By Geoff Percival
The prospect of an increased tax on UK online gaming revenues represents a bigger threat to Paddy Power-Betfair than the enforcement of maximum restrictions on in-shop gaming machine betting, analysts have warned.
The British government has confirmed that the maximum allowable stake on fixed odds betting terminals — or FOBTs — in UK betting shops will be slashed from £100 (€114) to £2, although this change might not come into force until 2020.
More than two-thirds of bets placed on FOBTs are with stakes of over £2 and KPMG has estimated that up to 50% of retail betting shops in the UK could be at risk of closure as a result of the move. Paddy Power-Betfair, however, has welcomed the move, with chief executive Peter Jackson calling it “a positive development for the long-term sustainability of the industry” and saying it shouldn’t have a material impact on the company’s UK retail strategy.
If the new law had come in last year, it would have equated to a £35m-£46m — or 2%-3% — hit to group revenue. “More of a concern for Paddy Power-Betfair is the suggestion that online taxes on gaming revenues will be increased. This would be a much greater concern [for the company] given its market-leading position in online,” said Merrion analyst Darren McKinley.
Online gambling businesses face a squeeze as the British government said it plans to increase remote gaming duty to offset its loss of income from the cut in the FOBT stake.
Paddy Power shares have been trading strongly this week on the back of the company entering takeover talks with US fantasy sports company FanDuel and the US Supreme Court striking down a law which has prohibited sports betting in most states for 25 years.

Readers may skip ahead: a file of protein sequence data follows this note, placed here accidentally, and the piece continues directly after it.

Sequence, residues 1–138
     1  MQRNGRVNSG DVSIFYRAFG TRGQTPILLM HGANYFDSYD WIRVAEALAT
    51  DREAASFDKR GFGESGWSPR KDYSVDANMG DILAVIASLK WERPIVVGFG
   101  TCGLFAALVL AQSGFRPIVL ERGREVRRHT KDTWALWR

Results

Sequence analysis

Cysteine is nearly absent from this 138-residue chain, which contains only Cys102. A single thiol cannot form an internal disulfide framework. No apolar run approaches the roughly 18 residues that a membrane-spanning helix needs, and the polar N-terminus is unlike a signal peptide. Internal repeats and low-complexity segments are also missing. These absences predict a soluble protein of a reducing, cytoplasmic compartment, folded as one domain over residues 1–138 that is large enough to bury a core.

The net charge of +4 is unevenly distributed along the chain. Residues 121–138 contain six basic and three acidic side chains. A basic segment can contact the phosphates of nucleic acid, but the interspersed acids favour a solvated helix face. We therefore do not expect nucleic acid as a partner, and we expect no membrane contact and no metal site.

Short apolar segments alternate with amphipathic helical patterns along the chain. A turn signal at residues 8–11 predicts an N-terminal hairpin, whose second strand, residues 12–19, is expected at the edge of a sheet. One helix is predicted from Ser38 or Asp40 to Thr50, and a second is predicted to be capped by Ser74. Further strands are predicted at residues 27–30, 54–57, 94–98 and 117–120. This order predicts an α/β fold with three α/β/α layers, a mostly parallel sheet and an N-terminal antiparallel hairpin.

“While the New Jersey court outcome and broad-based opportunity in the US is certainly a positive for Paddy Power-Betfair, we assume it will take time and investment before this can be fully monetised with regard to earnings per share. Tax changes and regulatory changes continue to be a headwind for Paddy Power in the short-to-medium term. Our target price is raised to €95, which implies that Paddy Power is now fully valued,” said Mr McKinley.
The UK’s FOBT decision deals a big blow to most bookmakers, who have argued that the terminals are a major source of income for high street shops that are struggling to stay afloat as younger gamblers move online, putting jobs at risk.
William Hill said the new regulations could lead to a 35%-45% reduction in total annual gaming net revenue. Its adjusted operating profits could fall by £70m-£100m. Preliminary estimates suggest the move could result in about 900 shops becoming loss-making, with a proportion of these at risk of being closed within a relatively short time.
Ladbrokes-Coral owner GVC said it expects to be able to reposition its UK retail business within two years following implementation, with an anticipated fully mitigated impact of about £120m on group earnings by the end of this period.
Sky Betting and Gaming attacked the proposed rise in online taxes, saying “rather than punishing a UK-based jobs creator, the government should focus on getting a fairer tax contribution from other tech companies who, unlike us, don’t already pay sufficient taxes on their UK activities,” it said.
- Additional reporting Reuters